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New Horizons Spacecraft will Step On Pluto after 9 Years in Space

New Horizons Spacecraft will Step On Pluto after 9 Years in Space

When New Horizons left Earth nine years ago, its destination was still being taught to schoolchildren as one of the 9 planets in our solar system. The spacecraft’s final destination of Pluto has since lost its planet status, but that doesn’t make its upcoming arrival at the mysterious dwarf planet any less exciting.

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The plutonium-powered probe — roughly the size and shape of a grand piano — is heading for a flyby 6,200 miles from Pluto’s icy, unexplored surface on July 14, 2015. But scientists plan months of increasingly detailed observations of Pluto before then, beginning in January with long-range imaging to help navigators keep New Horizons on course for the make-or-break encounter.
New Horizons

Artist’s concept of the New Horizons spacecraft at Pluto. Credit: NASA (click to zoom)

The mission marks the first visit outside Neptune’s orbit to the Kuiper belt, which consists of Pluto and thousands of objects that have not yet been identified. New Horizons is currently 2.9 billion miles from earth and was launched in January 2006 atop an Atlas V rocket.

The spacecraft has over the last nine years frequently gone into hibernation for various amounts of time ranging from 36 to 202 days, which adds up to five years of total hibernation, to help conserve power and allow scientists time to make plans for its exploration in space.

It transmits a beep once a week to alert scientists that it is still functioning properly.

“This is the first look at this new zone of rocky, icy planets,” Michael Buckley, a public information officer for John Hopkins University Applied Physics Laboratory. “This is what New Horizons is supposed to do.”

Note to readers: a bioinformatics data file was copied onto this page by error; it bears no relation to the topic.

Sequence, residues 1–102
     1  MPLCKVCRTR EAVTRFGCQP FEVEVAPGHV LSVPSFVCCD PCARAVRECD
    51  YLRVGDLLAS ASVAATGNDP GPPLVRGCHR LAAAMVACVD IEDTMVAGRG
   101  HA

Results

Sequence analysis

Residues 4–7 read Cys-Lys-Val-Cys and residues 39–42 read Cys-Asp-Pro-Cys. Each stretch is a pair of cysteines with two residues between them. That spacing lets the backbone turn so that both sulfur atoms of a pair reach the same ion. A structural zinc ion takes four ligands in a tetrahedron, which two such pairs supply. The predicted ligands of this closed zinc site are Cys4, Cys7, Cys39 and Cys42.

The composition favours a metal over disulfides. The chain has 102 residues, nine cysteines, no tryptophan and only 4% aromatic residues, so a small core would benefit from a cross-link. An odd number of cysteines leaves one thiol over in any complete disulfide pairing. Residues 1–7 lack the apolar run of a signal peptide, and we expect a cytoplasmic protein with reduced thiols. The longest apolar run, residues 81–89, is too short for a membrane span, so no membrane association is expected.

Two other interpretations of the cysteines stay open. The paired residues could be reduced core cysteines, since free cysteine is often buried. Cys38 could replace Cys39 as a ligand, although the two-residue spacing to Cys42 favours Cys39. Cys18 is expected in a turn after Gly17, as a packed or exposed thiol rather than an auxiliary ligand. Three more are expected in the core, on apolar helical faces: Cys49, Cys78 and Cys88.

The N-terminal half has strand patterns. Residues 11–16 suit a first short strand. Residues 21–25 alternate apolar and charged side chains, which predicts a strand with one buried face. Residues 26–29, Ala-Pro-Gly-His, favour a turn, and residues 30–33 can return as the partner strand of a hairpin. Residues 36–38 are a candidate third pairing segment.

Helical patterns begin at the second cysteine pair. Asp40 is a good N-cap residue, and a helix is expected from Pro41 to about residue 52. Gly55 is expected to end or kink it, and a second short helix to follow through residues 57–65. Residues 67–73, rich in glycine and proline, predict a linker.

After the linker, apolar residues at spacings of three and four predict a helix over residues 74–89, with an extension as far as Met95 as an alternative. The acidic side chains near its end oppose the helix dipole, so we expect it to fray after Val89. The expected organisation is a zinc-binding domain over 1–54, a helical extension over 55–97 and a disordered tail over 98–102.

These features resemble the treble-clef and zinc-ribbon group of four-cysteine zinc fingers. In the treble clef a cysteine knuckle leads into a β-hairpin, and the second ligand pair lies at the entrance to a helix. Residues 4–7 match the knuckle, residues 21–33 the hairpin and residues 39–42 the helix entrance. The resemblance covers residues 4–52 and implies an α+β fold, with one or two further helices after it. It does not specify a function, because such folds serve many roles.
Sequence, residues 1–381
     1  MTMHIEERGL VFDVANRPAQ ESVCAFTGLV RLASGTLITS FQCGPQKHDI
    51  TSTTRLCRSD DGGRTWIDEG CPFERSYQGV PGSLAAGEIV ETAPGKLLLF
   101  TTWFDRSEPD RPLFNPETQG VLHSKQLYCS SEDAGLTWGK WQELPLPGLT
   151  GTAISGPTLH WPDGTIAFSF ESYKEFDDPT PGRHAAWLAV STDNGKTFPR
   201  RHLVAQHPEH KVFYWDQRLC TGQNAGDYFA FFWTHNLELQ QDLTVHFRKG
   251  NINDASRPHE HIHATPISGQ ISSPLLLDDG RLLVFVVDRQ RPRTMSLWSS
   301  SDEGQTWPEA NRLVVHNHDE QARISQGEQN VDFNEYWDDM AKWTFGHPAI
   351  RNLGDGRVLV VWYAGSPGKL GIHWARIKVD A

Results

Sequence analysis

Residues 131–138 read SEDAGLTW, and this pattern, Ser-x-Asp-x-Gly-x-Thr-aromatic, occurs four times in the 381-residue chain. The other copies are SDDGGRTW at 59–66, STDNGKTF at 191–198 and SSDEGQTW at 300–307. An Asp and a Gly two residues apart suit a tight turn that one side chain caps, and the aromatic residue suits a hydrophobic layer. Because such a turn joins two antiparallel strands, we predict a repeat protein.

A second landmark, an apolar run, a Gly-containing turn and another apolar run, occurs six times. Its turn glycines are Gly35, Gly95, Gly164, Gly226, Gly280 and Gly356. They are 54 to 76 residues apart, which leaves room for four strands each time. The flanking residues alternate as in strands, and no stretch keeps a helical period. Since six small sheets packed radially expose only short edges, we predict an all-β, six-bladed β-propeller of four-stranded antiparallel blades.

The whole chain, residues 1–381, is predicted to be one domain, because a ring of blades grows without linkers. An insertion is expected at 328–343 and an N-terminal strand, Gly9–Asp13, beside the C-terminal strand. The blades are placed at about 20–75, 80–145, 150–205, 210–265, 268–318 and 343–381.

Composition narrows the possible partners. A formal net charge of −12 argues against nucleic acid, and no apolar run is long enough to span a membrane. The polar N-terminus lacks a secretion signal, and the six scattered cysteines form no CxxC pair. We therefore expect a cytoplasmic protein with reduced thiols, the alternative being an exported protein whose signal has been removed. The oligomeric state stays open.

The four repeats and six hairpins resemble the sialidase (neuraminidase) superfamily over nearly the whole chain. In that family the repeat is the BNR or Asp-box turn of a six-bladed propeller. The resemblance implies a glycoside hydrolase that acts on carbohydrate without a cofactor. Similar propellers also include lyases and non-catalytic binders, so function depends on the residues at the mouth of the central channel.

Once awakened on Dec. 6, New Horizons will transmit radio signals that will reach the mission’s control center, located at the Johns Hopkins University Applied Physics Laboratory in Maryland, in about four hours at 9 p.m. eastern time.

Scientists plan to use the next six weeks after it wakes to check its memory, navigation and other functions. They will start the observation phase in January, with the spacecraft taking photos and measurements of the dwarf planet and its moons while also observing its atmosphere and how it interacts with the sun.

“This is really quite an epic journey,” Alan Stern, the lead investigator for the New Horizons mission from the Southwest Research Institute in Boulder, Colorado. “Three billion miles across the entirety of our planetary system, from the inner planets to the middle solar system to the third zone — the Kuiper belt — and for the first time. No voyage like this has been conducted since the epic days of Voyager, and nothing like it is planned again.”

Until January 2015 no data is expected because right now the spacecraft is still 175 million miles away from Pluto. If things go according to plan, researchers will be starting to get information on the geology of Pluto by June.

Scientists are hoping that NASA will continue to fund and extend the mission to allow for further exploration.

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